September 24, 2012 (ADDIS ABABA) – Sudan’s President Omer Hassan Al-Bashir and his South Sudanese counterpart Salva Kiir decided to continue direct talks on security and disputed areas for the third day, after failing to reach an agreement on Monday.
Since Sunday the two presidents flanked by their top negotiators have discussed the operationalization of a border buffer zone, which will allow oil exports to resume. Sudan has given a conditional acceptance of the mediation’s map put forward by the African Union after long refusing it.
On Abyei, which is the main topic of the summit, the mediation in its proposal supported the South Sudan point of view on the eligibility of voters but asked Juba to accept to share Abyei oil resource with South Kordofan and to endorse a special status for the movement of nomads.
Juba accepted Abyei proposal but Khartoum wants further concessions to soften the eligibility conditions in a way to ensure the participation of a large number of the Misseriya tribe who are very hostile to the African map.
There is no sign of progress on reaching a comprehensive agreement on the outstanding issues between the leaders of the two former civil war rivals, a South Sudanese diplomat close to the talks told Sudan Tribune under the condition of anonymity late on Monday.
The face to face talks between the two leaders will continue Tuesday, and it is highly expected that both sides will strike a deal on the issues remaining from the 2005 peace agreement that ended decades of civil war between North and South Sudan, he added.
The two leaders held three meetings on Monday in an attempt to reach a comprehensive agreement on all outstanding post-partition issues including a safe demilitarized border zone.
The spokesperson of the Sudanese foreign ministry El-Obeid Murawah told reporters in Addis Ababa that some progress has been achieved over the issue of Mile 14. He further said the discussions resume on Tuesday at 10:00 am expressing hopes to reach a comprehensive deal.
But the spokesperson of the South Sudanese delegation, Atif Kiir, told reporters after the last meeting there are still some hurdles preventing the two president from striking a comprehensive deal over the outstanding issues.
Leaks in Addis Ababa, say the two parties reached a compromise over Mile 14 as the South Sudan accepted to pull out its troops from the disputed grazing land. The deal was reached following a meeting attended by the Ethiopian Prime Minister Hailemariam Desalegn and chief mediator Thabo Mbeki in the afternoon.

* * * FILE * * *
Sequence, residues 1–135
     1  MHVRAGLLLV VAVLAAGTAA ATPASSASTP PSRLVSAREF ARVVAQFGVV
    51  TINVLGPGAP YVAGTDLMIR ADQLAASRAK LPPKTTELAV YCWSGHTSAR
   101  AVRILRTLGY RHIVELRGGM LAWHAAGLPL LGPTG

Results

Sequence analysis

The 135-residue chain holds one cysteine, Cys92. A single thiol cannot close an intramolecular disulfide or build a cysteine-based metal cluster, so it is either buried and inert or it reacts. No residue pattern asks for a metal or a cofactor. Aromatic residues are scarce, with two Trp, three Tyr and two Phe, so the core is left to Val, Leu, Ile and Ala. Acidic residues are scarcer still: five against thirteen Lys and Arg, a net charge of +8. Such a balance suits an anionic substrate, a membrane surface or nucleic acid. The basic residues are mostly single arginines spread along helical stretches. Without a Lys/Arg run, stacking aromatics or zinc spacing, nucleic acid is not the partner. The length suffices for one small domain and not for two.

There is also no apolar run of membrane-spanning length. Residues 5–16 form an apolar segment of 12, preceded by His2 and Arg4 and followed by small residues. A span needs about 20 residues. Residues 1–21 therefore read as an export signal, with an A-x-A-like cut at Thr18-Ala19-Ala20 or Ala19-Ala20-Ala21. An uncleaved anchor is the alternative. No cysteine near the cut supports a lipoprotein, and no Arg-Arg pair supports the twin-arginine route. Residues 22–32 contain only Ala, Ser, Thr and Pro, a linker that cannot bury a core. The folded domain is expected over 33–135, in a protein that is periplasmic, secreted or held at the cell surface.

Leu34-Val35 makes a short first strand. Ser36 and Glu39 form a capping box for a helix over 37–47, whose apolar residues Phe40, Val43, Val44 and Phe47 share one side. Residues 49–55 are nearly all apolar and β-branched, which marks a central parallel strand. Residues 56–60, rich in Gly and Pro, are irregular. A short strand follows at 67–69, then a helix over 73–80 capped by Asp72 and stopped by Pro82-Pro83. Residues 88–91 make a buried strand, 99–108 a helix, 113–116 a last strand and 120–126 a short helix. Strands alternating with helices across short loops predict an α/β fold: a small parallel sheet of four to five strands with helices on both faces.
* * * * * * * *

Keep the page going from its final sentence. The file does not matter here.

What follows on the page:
In Khartoum the speaker of the Sudanese National Assembly, Ibrahim Al-Tahir, reiterated Sudan’s rejection to make any concession over Mile 14. He also added that there are some Dinka residing the area but added that they can remain Sudanese citizens.
The head of the opposition National Consensus Forces, Farouk Abu Issa blamed the government for excluding the opposition from the ongoing process saying what is going in Addis is a "farce rejected by the opposition and the Sudanese people."
The opposition always demanded to be involved in the discussions over national issues like Abyei and demarcation of borders, but the ruling National Congress Party ignored their demands.
However, some tribal leaders loyal to the government were allowed to visit the venue of the talks and to meet the mediation or the Sudanese negotiating team to express their point of view.
MACHAR TO NEW YORK
The South Sudanese Vice President Riek Machar arrived in New York in Monday to represent his country at the meetings of the UN General Assembly, as Salva Kiir has failed to leave for New York due to the talks .
His delegation includes foreign minister Nhial Deng Nhial, finance minister Kosti Manibe, justice minister John Luk Jock, presidential advisor Telar Deng and other officials.
Machar will give a speech on Thursday where he is expected to focus on challenges facing the young nation and ongoing process with the Sudan in Addis Ababa.
SPLM-N WANTS TO JOIN SECURITY TALKS
Yasir Arman, secretary general of the rebel Sudan People’s Liberation Movement North (SPLM-N) said they want to join the security talks between Sudan and South Sudan.
"It’s important to involve the SPLM-North," he told Bloomberg on Monday. The rebel official went further to explain that they controls parts of the border in Southern Kordofan and Blue Nile stressing the need to take this fact into consideration.
The buffer zone if established will cut off the Sudanese rebels from South Sudan. The rebels who are holding separate talks with the government said they are ready to sign a ceasefire with Khartoum but urged that a humanitarian deal reached last August is o implemented.